He also pressed the view that the 1st Amendment's freedom of speech barred the government from limiting political spending. His viewpoint prevailed in a 5-4 ruling in the Citizens United case, which struck down the campaign spending limits for corporations (though the opinion was given to Kennedy to write).
Scalia also was proud of his opinions that went against his tendencies. He joined a 5-4 opinion by Brennan in 1989 that upheld a protester's right to burn an American flag. And he wrote the 2004 opinion in Crawford vs. Washington that strengthened the right of criminal defendants to confront their accusers in court.
Scalia’s many admirers say he was devoted to getting the law right. “By sheer force of intellect and personality, Scalia helped move the court from a sloppy, results-oriented center-left institution to a more intellectually rigorous center-right court,” said
In his later years, Scalia, however, seemed to have given up on persuading his colleagues and said he was writing for the future, hoping his views on how to read the Constitution and the proper role of judges would influence the next generation of lawyers and law students.
He traveled the country and delighted in confronting liberal audiences on college campuses with his harsh take-down of the freewheeling liberalism that held sway in the early 1970s when he came to Washington.
His prime target was the Roe vs. Wade decision of 1973. "The Constitution says nothing about abortion," he told audiences. "You think there ought be a right to abortion? No problem. Persuade your fellow citizens it's a good idea and pass a law."
Students regularly reported they'd expected to hear a right-wing ogre and came away from his speeches either agreeing with Scalia or at least a little shaken in their beliefs.
Despite his reputation for legal brilliance, Scalia may have undercut his influence by becoming a predictable vote for conservative causes, including for the Republican Party. His critics would never forget the Bush vs. Gore decision, where Scalia declared that trying to count the remaining ballots would risk "irreparable harm" to then-Gov. George W. Bush's extremely narrow lead.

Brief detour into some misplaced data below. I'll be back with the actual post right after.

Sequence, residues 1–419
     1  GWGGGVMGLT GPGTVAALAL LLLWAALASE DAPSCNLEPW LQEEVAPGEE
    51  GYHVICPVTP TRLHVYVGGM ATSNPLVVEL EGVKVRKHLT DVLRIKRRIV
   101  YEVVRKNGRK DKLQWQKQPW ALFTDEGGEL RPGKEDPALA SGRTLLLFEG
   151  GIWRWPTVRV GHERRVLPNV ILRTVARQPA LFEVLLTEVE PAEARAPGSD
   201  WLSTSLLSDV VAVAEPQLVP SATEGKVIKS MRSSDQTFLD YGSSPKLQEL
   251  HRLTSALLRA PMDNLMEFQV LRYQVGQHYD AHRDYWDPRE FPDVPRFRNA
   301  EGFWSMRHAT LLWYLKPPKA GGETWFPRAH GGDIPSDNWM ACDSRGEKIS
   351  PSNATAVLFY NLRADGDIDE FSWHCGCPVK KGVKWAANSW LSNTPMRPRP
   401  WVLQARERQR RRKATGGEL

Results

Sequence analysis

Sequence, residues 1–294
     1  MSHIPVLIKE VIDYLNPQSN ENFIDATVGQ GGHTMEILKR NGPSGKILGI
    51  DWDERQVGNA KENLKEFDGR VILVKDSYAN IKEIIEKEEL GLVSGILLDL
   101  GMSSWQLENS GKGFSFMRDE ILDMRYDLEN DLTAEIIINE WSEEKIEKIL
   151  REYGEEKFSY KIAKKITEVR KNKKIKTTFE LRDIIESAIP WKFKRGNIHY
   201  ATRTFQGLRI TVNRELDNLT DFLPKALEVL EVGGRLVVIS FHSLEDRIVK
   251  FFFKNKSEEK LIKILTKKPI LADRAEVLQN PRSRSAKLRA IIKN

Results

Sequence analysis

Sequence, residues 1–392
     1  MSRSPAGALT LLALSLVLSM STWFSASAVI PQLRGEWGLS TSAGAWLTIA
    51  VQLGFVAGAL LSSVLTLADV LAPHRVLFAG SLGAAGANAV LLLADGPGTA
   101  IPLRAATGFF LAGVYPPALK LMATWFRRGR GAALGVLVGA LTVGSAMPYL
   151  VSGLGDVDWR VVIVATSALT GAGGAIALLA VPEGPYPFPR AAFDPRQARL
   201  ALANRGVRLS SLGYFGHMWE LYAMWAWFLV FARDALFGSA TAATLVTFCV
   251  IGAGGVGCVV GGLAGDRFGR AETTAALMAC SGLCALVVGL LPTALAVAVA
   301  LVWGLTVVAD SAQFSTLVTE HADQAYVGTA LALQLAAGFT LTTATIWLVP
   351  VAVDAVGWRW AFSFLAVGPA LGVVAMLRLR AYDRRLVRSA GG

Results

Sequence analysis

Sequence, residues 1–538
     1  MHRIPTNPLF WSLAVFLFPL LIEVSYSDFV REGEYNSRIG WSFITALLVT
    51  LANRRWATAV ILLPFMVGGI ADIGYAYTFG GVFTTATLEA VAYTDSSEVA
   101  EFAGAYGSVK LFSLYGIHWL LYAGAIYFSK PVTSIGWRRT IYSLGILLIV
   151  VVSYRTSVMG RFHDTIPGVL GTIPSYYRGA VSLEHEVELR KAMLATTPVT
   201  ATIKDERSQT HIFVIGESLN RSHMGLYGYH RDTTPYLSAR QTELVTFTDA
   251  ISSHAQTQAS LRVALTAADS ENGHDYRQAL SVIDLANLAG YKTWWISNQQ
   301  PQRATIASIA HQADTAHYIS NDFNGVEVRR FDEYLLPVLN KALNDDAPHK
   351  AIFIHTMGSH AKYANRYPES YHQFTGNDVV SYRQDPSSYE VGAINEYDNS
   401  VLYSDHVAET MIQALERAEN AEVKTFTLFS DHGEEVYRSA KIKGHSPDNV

He also had a blind spot at times when it came to civil rights laws. Three years ago, when Southern Republicans challenged a key part of the Voting Rights Act, Scalia raised eyebrows by describing the historic law as a "racial entitlement."
A justice who adhered to the words and history of the Constitution might have seen this as what Scalia liked to call "an easy case." The law was based on the 15th Amendment, which said that the right to vote "shall not be denied or abridged" because of race and that "Congress shall have the power to enforce this article through appropriate legislation." Instead, Scalia cast his vote with a 5-4 majority to strike down the law because the court's conservatives concluded it was no longer needed. His critics said he was engaging in exactly the kind of judicial legislating that he had often railed against.
Scalia is destined to join the small group of the court's best writers, including Justices Oliver Wendell Holmes, Louis Brandeis and Robert H. Jackson, who live on through their quotable opinions.
In his 2001 opinion in a dense regulation case, Scalia said major changes in law do not arise from minor, vague provisions. Congress does not "hide elephants in mouse holes," he wrote. It has become one of the most quoted comments in legal briefs and judicial opinions.
"Justice Scalia was an influential justice not because he was right, but because he could write,'' quipped Pamela Karlan, a liberal Stanford University law professor who is seen as a long-shot to become Scalia's replacement on the court. She said she often disagreed with his conclusions, but acknowledged his arguments forced her and other liberals to sharpen their own. "The force of his personality and the power of his pen changed the terms of the central legal debates."
On Twitter: @DavidGSavage